Fri, Aug 21, 2015 - Page 8 News List

A buyer beware housing policy

By Chang Chin-oh 張金鶚

Just as the housing market is beginning a downward turn, the central bank announced, without warning, that it was relaxing controls in some areas of New Taipei City and Taoyuan, and that it would provide more capital to investors who already own two houses and want to buy more, wealthy people who want to buy luxury apartments and those who want to invest in housing as a corporate entity.

Although this policy might seem to have limited potential impact, the message sent by the announcement must not be ignored and should be treated seriously.

The announcement gives rise to several questions.

First: Has the development of the housing market been reasonable? Is the downward trend inappropriate? Are current housing prices acceptable to the general public? Should prices continue to drop? Is the shrinking number of transactions a result of a lack of capital or a result of prices being unreasonably high?

Second: Will the downturn continue or lower the risk of financial institutions? If it increases risk, should credit and loans — in particular for investors and particular investment areas — be tightened, or should they be relaxed?

Third: It is common knowledge that neither the macroeconomic nor the investment environments are good at the moment. Will past speculation and the unreasonable development of the housing market have a positive or negative effect on the economy as a whole?

The housing market has absorbed a lot of capital, which has driven prices for residential housing and land for productive uses higher. This has resulted in large volumes of unused housing and land. Is this having a crucial impact on the overall economy and the investment environment?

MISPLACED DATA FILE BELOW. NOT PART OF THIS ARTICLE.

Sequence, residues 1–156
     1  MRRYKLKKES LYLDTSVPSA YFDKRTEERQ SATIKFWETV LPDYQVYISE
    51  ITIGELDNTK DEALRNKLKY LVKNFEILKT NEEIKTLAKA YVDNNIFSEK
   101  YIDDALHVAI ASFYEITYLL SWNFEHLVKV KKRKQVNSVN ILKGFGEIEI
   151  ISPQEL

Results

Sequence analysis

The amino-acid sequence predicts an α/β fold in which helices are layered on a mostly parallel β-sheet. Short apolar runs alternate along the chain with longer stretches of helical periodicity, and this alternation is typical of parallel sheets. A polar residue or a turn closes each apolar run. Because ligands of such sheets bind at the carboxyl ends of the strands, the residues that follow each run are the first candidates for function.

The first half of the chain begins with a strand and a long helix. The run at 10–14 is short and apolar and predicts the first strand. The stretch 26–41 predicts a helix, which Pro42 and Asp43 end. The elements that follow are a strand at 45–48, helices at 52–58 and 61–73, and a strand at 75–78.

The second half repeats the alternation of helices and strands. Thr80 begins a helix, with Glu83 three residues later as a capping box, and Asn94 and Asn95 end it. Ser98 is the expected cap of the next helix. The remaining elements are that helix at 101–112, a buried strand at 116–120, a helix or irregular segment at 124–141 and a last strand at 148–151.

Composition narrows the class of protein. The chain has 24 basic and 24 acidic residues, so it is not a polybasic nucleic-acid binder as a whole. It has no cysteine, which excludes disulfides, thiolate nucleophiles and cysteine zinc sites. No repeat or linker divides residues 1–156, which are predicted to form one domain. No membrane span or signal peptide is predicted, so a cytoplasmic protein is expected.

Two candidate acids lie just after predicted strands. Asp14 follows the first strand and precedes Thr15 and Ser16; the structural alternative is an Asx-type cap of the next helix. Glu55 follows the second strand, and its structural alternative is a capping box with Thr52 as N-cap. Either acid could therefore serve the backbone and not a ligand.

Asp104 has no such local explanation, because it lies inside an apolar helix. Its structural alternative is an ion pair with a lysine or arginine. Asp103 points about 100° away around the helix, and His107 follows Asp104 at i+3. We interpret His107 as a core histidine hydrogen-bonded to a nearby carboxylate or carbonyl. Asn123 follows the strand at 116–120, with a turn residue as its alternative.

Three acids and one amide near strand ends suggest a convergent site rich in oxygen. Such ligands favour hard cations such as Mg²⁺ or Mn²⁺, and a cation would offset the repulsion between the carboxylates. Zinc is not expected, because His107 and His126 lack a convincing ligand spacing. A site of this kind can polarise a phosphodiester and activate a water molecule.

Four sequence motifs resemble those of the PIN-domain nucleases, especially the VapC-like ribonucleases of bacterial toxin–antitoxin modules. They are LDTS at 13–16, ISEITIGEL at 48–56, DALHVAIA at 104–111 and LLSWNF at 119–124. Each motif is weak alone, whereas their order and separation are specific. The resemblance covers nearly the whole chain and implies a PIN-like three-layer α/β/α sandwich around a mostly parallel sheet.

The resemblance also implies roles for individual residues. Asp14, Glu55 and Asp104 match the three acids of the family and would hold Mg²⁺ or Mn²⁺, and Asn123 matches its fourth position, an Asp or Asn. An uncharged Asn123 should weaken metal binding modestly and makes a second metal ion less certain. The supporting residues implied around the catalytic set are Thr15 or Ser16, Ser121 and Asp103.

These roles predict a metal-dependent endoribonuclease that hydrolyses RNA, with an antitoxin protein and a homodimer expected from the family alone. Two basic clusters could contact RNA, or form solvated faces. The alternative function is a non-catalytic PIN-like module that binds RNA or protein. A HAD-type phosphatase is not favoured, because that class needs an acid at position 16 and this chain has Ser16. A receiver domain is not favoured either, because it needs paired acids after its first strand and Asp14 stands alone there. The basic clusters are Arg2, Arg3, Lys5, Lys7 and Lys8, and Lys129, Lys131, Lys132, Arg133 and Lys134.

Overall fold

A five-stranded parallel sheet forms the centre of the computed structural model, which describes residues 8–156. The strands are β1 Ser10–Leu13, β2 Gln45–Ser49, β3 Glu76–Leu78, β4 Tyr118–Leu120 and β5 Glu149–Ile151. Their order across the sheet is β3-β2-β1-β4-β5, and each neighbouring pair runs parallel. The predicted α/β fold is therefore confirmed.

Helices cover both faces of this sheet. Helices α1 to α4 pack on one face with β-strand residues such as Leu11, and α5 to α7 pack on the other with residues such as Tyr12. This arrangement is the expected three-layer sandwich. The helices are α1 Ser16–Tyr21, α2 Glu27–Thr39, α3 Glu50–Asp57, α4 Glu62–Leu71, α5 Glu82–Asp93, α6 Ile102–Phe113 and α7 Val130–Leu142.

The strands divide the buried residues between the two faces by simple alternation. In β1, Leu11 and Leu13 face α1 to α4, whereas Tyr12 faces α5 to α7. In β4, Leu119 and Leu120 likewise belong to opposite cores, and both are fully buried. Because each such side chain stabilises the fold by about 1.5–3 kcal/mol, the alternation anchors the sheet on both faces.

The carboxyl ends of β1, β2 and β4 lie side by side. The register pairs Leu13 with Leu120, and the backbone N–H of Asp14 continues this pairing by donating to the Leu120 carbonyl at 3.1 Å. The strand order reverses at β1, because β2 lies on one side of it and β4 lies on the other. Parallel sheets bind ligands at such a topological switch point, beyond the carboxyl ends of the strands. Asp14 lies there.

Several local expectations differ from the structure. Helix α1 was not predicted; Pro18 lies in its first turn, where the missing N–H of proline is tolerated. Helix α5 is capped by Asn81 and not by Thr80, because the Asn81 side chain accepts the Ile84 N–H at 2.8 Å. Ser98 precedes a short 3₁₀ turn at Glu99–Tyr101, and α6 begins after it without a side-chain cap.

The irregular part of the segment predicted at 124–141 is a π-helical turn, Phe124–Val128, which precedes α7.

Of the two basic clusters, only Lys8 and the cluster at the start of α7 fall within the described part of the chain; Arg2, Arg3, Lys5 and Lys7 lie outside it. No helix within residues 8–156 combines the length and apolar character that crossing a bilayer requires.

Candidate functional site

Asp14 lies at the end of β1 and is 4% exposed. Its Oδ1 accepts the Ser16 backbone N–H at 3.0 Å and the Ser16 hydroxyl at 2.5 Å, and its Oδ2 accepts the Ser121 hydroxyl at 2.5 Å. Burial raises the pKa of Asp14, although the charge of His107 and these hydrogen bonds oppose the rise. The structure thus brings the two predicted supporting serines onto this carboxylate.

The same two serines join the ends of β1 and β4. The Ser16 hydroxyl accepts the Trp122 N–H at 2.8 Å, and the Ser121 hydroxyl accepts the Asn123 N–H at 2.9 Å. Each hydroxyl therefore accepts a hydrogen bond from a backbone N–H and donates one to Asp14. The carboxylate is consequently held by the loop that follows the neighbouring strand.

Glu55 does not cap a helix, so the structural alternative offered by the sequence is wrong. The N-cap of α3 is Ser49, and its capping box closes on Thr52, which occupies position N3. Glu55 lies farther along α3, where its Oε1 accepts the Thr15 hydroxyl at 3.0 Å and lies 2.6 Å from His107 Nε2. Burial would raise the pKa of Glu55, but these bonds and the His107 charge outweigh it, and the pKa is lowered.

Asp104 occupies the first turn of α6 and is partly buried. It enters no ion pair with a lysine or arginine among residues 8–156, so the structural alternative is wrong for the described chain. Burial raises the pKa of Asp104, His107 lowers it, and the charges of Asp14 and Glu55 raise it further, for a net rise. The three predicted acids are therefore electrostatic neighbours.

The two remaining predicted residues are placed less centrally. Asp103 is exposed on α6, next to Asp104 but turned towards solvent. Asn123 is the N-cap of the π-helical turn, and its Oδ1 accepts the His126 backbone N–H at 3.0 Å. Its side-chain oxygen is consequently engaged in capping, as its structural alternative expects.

Has long-term unsound development of the market distorted and harmed the economy, and if it has, has this distortion and harm been severe? Has the wealth gap increased as a result and created social problems?

It should not be difficult to find the answers to these questions. It is clear that the unsound housing market and unreasonable housing prices lie at the heart of the problem.

If the market is sound and prices reasonable, the general public will be able to buy or rent suitable housing on a normal income, the development of housing prices will be stable and there will not be huge long-term swings in the market. This is what is required to solve the problems in the housing market, financial institutions and the overall economy.

From a financial point of view, what could be done to help create a sound housing market?

The first objective is to clarify the fundamental nature that living accommodation and productive land play in real estate, and put primary focus on consumer use, and secondary focus on investment and making money. These priorities must not be changed.

Financial institutions should offer normal loan-to-value ratios and interest rates to people who buy housing to live in or to use for production purposes, but a severely restricted loan-to-value ratio and increased interest rates to investors and wealthy people. If this is not done, it will not be possible to reduce housing speculation and create a sound housing market.

It is obvious that the central bank’s relaxation of control measures will only stimulate speculation. Although it is not certain that the policy will have the intended effect, the message sent will cause a negative impression on the general public: The general impression will be that the government has come under pressure from businesses and other interest groups to support unreasonable housing prices — causing residential justice to remain a distant dream — that the government cannot be trusted and that the general public have been left to fend for themselves.

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